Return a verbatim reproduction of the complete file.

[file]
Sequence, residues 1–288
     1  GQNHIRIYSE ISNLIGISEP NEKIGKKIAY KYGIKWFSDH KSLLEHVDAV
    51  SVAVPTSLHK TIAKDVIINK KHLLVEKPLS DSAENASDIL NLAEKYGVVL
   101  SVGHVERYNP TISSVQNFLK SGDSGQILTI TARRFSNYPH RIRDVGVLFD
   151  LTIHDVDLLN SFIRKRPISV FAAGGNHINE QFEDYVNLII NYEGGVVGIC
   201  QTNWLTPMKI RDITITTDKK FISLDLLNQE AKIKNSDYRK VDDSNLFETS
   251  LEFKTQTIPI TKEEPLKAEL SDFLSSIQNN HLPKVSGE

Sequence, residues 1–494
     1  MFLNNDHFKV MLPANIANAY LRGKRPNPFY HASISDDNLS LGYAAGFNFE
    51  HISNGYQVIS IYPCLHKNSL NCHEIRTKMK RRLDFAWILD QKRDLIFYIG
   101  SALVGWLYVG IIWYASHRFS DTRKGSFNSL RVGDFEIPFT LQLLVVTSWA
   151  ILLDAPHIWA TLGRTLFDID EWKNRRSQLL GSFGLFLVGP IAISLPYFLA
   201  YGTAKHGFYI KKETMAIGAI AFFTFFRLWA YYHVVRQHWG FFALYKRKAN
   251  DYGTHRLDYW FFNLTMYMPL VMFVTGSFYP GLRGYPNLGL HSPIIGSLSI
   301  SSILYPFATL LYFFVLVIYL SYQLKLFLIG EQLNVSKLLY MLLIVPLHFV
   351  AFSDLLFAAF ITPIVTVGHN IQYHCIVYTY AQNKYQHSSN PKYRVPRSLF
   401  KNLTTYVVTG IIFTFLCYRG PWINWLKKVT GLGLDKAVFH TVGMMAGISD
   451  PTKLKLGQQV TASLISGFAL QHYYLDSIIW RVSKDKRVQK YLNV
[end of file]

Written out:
Sequence, residues 1–288
     1  GQNHIRIYSE ISNLIGISEP NEKIGKKIAY KYGIKWFSDH KSLLEHVDAV
    51  SVAVPTSLHK TIAKDVIINK KHLLVEKPLS DSAENASDIL NLAEKYGVVL
   101  SVGHVERYNP TISSVQNFLK SGDSGQILTI TARRFSNYPH RIRDVGVLFD
   151  LTIHDVDLLN SFIRKRPISV FAAGGNHINE QFEDYVNLII NYEGGVVGIC
   201  QTNWLTPMKI RDITITTDKK FISLDLLNQE AKIKNSDYRK VDDSNLFETS
   251  LEFKTQTIPI TKEEPLKAEL SDFLSSIQNN HLPKVSGE

Sequence, residues 1–494
     1  MFLNNDHFKV MLPANIANAY LRGKRPNPFY HASISDDNLS LGYAAGFNFE
    51  HISNGYQVIS IYPCLHKNSL NCHEIRTKMK RRLDFAWILD QKRDLIFYIG
   101  SALVGWLYVG IIWYASHRFS DTRKGSFNSL RVGDFEIPFT LQLLVVTSWA
   151  ILLDAPHIWA TLGRTLFDID EWKNRRSQLL GSFGLFLVGP IAISLPYFLA
   201  YGTAKHGFYI KKETMAIGAI AFFTFFRLWA YYHVVRQHWG FFALYKRKAN
   251  DYGTHRLDYW FFNLTMYMPL VMFVTGSFYP GLRGYPNLGL HSPIIGSLSI
   301  SSILYPFATL LYFFVLVIYL SYQLKLFLIG EQLNVSKLLY MLLIVPLHFV
   351  AFSDLLFAAF ITPIVTVGHN IQYHCIVYTY AQNKYQHSSN PKYRVPRSLF
   401  KNLTTYVVTG IIFTFLCYRG PWINWLKKVT GLGLDKAVFH TVGMMAGISD
   451  PTKLKLGQQV TASLISGFAL QHYYLDSIIW RVSKDKRVQK YLNV